An estimated 121 million people worldwide suffer from depression For those suffering, the issue is how to cope with the illness. Recovery methods come in many forms, from medication to homeopathic treatment, but a basic yet effective one is reading. It is for this reason that The Recovery Letters website, which features letters from those recovering to offer support to those still struggling was created.
Jacqui suffered from Post-Natal and Post-partum depression from 2000-2001. She explained that she often uses reading as a form of escapism in her life, particularly when coping with her depression, describing it as a way “to switch off and enter another world, better than mine. Or to read about someone else’s experiences that may be similar to mine.”
In 2013 the idea that reading can help depression was pioneered by The Reading Agency, who compiled a list of 27 ‘mood boosting’ books that will become part of a ‘books on prescription scheme’, used by GPs.
In the past, it was hard to find suitable texts or books to read on depression. Jacqui told us she “had to search all over the internet for small articles and doctors comments.” This long searching process may be putting many off using reading as a coping mechanism.
Another sufferer Elizabeth, who has suffered from reactive depression intermittently since her early teens, told us that she has “tried to use reading as a form of escapism”, however, “one of my symptoms in depression is great difficulty in concentration” she explained, for this reason she struggles when trying to read long, texts or books.
Like Elizabeth, James Withey, founder of The Recovery Letters found it hard to concentrate on lengthy books. Unfortunately he found “Most books and memoirs on depression are huge and inaccessible to anyone suffering from acute depression.” which of course again means it can be hard to read while trying to cope with depression.
It is for this reason that The Recovery Letters are all fairly short so that anyone, is able to read and gain support from them. Recent research by Mindlab International showed that reading has a massive effect on our moods and can reduce stress by up to 67%, which shows us how important it can be for people with depression to have something they can read.
James first set up ‘The Recovery Letters’ to help others like him, by providing short, readable letters that offer support. James who himself suffered from acute depression had always loved to read, “it gives me a buzz to see how an author can describe something so beautifully that it might chime with my own experience.”
It was therefore a shock to him when he found he struggled to read. As an avid reader, James told us “it was a massive loss, like a bereavement. I never thought I would read again”. The idea for the website itself came to him while he was recovering in a psychiatric hospital in 2011, the idea stayed with him until he made the website a reality.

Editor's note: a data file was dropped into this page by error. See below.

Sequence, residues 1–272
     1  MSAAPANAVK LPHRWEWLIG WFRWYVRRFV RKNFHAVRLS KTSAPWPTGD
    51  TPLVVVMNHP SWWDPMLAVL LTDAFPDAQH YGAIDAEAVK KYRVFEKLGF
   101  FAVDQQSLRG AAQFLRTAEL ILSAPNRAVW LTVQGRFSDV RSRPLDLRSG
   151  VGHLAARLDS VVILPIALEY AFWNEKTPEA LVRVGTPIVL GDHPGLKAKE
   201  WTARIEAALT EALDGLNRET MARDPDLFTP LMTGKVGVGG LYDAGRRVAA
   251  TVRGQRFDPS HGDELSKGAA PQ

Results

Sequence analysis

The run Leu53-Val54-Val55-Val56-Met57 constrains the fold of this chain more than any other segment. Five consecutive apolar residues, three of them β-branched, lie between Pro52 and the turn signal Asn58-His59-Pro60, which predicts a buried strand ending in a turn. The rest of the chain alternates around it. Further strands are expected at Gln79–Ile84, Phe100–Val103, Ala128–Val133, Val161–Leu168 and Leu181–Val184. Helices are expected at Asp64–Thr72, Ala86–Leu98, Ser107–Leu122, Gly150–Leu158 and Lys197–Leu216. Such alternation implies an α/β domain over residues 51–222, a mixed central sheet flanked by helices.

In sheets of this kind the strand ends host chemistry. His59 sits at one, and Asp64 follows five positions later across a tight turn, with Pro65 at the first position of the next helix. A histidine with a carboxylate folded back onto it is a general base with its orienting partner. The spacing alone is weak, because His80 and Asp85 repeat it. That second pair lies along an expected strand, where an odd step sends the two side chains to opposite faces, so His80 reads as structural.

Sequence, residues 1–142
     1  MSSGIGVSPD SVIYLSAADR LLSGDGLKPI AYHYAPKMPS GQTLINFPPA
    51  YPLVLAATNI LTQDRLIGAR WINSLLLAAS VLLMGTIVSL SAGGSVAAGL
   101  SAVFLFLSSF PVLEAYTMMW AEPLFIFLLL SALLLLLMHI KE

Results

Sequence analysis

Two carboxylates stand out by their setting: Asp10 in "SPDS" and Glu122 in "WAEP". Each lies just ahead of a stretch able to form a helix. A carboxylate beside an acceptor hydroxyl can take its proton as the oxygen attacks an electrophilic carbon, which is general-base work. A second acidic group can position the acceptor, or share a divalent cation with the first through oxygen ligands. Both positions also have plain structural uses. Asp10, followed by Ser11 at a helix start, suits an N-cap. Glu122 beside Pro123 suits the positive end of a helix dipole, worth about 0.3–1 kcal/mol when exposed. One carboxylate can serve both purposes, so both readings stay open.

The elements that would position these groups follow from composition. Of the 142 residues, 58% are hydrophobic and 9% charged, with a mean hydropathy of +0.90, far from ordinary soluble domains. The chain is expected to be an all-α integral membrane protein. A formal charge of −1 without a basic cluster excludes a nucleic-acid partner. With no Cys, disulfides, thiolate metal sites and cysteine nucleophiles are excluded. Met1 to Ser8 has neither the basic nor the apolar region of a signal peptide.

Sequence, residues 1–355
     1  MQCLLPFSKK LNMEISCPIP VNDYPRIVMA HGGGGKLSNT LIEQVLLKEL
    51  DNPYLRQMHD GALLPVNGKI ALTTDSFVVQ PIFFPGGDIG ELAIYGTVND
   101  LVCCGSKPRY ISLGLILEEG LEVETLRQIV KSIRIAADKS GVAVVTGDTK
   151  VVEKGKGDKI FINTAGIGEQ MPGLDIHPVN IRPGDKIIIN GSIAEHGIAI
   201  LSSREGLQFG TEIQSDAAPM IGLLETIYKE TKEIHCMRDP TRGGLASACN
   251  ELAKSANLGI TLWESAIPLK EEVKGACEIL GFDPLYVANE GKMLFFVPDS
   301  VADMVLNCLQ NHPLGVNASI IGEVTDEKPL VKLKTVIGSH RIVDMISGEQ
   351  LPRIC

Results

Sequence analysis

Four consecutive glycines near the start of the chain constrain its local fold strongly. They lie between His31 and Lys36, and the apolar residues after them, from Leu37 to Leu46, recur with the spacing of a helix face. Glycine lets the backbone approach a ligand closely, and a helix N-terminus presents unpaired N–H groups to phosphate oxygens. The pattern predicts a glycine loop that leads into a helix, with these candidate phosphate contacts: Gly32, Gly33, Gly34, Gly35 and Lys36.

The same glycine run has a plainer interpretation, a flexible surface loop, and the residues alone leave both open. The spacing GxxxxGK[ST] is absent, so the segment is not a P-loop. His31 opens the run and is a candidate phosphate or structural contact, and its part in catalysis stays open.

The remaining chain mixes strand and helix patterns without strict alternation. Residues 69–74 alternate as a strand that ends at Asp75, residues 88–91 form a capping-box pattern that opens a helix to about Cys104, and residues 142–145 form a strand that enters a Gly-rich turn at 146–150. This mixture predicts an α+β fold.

More and more people are slowly learning about The Recovery Letters, which “started out as a simple idea because of the need to hear about people’s recovery.” to further this James said “I Love that it helps both readers and the letter writers.”
When asked if anyone had ever told him how these letters made them feel, James said “People say that it makes them feel less isolated, comforted and hopeful.”
Jacqui and Elizabeth read the letter James first wrote for his website and told us how it made them feel. Jacqui replied “The first time I read it, it made me cry but having read some of James’ other letters I think people can get great support from his site.” Whilst Elizabeth said “The letter makes me feel reassured and encouraged to take little steps each day”.
As well as offering the support that many take from James’ website, some may even use it in recovery. Many people have told James that his website has in some way helped them recover. James gets countless emails and tweets saying how his letters have helped. “People say that it has given them hope, that they were able to survive that night or that moment of pain. People say that they (now) realise their symptoms are not particular to them and how important it is that we talk about depression and reduce the myths and stigma that surround all of mental illness.” says James.
Thanks to websites such as The Recovery Letters, mental health issues such as depression are coming into the spotlight and allowing us to talk freely about them. James Withey’s website has a great future in helping many more people like him. James’ hopes for the future of The Recovery Letters include; translating the letters into other languages, producing audio recordings, publishing the letters in a physical book and expanding them to other mental illnesses. James’ closing words with us were “I am working to make this happen and it’s very exciting!”